Equal opportunities keep their sparkle
The unit - the only one of its kind in Scotland - provides the technology to ensure that the goal of equal opportunities gets beyond pious intentions.
At one time students had to travel to Ceres in Fife where the Royal National Institute for the Blind has a centre. But that was inconvenient for many students, especially older ones with family ties. So the Jewel and Esk Valley unit met a perceived need in a way different from south of the border, where specialist colleges continue to be the locus for courses tailored to the needs of the hearing impaired.
The Edinburgh unit currently serves more than 40 visually-impaired students and five with hearing problems. The students take mainstream courses ranging from basic maths and communications to Higher National units in computing and accounting.
Students are assessed for their particular needs when they start at the college. They then follow a specially-tailored intensive course - called access technology for the visually impaired.
They get study skills training, plus support in ensuring that they can get around the college independently. Thorough links with outside agencies and training on how to get to the college is also provided.
The students are given careers guidance and counselling. If visual impairment dates from childhood, they may have lost touch with education for many years after leaving a special school. Students who become blind as adults maybe coping with losing their sight and their job.
One student, Margaret Brown, 59, has been losing her sight since she was 21. She is now taking arts, languages, communications and maths courses. "It's made a big difference to my life," she says.
She regrets she didn't get the chance earlier. "If the unit had been here 20 years ago I'd have had a job."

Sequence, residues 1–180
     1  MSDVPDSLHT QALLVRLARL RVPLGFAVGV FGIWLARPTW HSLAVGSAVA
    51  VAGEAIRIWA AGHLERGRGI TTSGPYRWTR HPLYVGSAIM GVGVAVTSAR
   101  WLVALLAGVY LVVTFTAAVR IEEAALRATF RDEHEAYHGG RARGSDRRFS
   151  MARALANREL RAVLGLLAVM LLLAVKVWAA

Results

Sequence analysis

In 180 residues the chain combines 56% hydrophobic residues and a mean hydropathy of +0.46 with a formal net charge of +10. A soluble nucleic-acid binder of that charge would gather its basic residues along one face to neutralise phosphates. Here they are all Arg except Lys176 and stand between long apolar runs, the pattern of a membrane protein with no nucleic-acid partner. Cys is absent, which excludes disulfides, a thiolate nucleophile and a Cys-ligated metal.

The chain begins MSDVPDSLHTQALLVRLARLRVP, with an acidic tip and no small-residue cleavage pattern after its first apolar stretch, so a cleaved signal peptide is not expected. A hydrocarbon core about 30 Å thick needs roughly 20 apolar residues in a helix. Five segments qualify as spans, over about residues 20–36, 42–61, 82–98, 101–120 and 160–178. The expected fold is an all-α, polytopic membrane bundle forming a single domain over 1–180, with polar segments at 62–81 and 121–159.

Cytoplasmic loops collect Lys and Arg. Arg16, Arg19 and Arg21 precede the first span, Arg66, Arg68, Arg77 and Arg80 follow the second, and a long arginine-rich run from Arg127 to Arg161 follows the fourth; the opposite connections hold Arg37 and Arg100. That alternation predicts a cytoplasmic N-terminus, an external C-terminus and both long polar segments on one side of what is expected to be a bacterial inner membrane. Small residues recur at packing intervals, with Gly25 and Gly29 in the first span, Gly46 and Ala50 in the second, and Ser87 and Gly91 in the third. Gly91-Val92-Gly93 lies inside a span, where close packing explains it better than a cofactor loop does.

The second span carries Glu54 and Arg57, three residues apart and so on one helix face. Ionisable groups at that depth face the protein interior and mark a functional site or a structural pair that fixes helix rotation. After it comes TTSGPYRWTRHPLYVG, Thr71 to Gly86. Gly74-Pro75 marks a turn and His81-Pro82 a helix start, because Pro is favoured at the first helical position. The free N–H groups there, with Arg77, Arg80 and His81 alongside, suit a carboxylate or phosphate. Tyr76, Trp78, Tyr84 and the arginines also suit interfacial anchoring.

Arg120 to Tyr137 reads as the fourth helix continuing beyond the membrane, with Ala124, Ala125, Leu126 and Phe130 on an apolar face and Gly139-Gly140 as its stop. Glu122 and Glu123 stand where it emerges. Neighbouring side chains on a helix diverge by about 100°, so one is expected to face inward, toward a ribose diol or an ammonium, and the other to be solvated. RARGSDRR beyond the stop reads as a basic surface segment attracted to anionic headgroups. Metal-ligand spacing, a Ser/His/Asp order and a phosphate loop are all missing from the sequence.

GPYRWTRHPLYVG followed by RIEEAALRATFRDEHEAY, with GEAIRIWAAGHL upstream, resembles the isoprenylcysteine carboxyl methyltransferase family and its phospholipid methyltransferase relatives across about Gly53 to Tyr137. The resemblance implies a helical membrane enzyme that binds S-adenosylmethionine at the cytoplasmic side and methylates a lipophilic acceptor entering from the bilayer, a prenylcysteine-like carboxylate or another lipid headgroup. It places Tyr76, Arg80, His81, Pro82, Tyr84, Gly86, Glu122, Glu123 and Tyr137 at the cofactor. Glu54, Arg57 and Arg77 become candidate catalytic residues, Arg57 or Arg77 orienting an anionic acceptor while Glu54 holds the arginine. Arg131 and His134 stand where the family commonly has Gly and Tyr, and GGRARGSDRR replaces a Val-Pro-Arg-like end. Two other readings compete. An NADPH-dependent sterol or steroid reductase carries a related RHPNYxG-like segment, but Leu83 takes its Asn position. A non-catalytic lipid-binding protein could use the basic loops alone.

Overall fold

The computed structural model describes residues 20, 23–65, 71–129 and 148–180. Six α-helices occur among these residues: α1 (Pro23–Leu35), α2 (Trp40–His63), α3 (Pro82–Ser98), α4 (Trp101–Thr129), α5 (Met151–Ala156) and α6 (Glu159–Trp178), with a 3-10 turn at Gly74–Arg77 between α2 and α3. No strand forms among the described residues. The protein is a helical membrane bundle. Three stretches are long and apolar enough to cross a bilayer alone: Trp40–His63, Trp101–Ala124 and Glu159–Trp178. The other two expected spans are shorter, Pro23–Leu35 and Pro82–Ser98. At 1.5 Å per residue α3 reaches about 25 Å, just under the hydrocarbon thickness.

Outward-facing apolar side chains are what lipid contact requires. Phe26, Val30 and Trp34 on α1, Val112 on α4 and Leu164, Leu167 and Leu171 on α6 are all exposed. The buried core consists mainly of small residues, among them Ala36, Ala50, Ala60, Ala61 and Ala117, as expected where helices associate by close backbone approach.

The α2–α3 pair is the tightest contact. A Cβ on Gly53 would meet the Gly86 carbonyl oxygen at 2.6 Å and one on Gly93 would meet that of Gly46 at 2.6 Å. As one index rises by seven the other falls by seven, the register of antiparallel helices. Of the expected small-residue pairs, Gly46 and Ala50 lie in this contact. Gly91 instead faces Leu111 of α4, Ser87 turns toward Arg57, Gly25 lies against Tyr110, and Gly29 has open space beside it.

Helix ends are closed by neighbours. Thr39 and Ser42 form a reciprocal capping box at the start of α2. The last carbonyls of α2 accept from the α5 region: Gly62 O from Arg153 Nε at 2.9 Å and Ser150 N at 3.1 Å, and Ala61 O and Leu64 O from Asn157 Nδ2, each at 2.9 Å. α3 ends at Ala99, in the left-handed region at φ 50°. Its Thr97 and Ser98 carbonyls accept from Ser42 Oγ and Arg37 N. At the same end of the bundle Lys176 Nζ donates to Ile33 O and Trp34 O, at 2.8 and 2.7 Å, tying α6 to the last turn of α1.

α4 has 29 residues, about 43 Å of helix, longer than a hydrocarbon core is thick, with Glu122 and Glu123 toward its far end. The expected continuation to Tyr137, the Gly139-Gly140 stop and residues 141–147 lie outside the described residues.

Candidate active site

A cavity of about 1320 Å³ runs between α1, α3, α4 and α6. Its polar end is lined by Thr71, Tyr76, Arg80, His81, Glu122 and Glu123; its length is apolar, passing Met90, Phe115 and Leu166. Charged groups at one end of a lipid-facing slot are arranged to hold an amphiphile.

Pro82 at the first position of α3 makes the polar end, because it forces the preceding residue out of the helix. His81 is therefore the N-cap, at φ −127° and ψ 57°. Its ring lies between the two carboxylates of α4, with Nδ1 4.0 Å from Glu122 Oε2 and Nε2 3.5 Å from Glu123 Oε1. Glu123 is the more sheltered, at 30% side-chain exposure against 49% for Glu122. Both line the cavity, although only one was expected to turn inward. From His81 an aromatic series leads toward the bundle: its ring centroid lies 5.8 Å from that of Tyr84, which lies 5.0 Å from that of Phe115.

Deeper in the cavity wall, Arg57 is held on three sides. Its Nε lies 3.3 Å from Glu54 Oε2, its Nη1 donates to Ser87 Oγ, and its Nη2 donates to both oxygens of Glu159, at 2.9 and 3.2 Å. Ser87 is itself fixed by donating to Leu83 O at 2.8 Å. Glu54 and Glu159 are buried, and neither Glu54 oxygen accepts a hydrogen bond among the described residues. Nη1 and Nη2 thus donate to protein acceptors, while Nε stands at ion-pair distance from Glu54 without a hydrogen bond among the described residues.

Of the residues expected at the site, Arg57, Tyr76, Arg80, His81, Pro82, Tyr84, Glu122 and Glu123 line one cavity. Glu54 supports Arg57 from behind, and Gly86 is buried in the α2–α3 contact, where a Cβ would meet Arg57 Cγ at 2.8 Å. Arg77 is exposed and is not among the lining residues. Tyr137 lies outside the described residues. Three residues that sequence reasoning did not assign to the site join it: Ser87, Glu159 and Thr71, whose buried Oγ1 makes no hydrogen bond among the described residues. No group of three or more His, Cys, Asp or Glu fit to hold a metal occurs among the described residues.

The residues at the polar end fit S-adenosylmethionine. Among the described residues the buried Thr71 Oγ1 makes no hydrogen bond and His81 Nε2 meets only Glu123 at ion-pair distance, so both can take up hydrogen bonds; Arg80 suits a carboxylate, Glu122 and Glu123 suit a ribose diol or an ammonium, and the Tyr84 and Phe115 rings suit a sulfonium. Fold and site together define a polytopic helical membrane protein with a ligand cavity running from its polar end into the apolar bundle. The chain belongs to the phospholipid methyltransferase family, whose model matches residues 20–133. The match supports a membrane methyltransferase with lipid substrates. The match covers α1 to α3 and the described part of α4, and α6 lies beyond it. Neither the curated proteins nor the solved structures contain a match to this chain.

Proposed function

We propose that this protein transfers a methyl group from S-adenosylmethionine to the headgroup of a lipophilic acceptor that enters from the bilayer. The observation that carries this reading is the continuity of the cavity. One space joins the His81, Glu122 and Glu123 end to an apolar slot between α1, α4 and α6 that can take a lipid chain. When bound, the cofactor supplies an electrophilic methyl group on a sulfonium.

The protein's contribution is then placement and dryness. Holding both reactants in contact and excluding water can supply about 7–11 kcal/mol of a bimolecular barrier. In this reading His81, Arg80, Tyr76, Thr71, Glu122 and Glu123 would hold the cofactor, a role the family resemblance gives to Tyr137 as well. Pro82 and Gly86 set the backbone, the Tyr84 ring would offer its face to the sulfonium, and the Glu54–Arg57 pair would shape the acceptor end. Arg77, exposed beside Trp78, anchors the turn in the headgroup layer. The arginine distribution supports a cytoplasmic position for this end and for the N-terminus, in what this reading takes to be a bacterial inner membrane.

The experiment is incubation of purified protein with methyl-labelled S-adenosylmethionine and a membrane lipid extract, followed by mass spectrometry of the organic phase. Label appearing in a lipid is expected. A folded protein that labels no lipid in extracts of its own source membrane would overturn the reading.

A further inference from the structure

Paul, 30, has every hope of a full working life ahead of him. He has been going blind since he was 12 and had many years out of education before coming to the college. Now he feels he can fulfil his ambition to become a history lecturer or teacher.
But while many of the visually-impaired students have achieved academic success this is not the sole goal of the unit, says lecturer Mary Dallas. "It's just as important that they begin to value themselves as independent people who can go out and have some life and be a part of society. Some of our students have in fact gone on to do voluntary work," she adds.
Ms Dallas is a qualified and experienced teacher of blind people. She and a similarly qualified college are joined in the unit by Jim McKenzie who is visually-impaired himself and a former mature student of Jewel and Esk Valley. He says: "The purpose of the unit is to make sure there is nothing a student cannot do just because he is visually impaired."
The team includes a full-time support technician, Kevin Tait. He was student union president at the college and he is well versed in the special requirements of visually-impaired students. He ensures that course materials are in an accessible form for students, scanned on to a computer disc on CD-Rom, or in braille.
Students are also given advice on using computer technology in their own homes and using specially-converted material for use on open learning courses.
"Everyone has the right to have a chance to do the best they can in education," Mr Tait says.
The unit's resource centre has eight computers which have sound systems.
The technology does not come cheap, particularly with the ever-present pressures to update systems. But the college has sought cash from other sources, such as the European Social Fund.
The efforts have put the college on the national and international map. Consultancy work on goes apace for colleges in the UK, and last year, the unit ran a two-day conference of lectures throughout Scotland on technology for the visually handicapped.
The college's reputation has now spread so far that a visually-handicapped student has come from Hungary to use the facilities.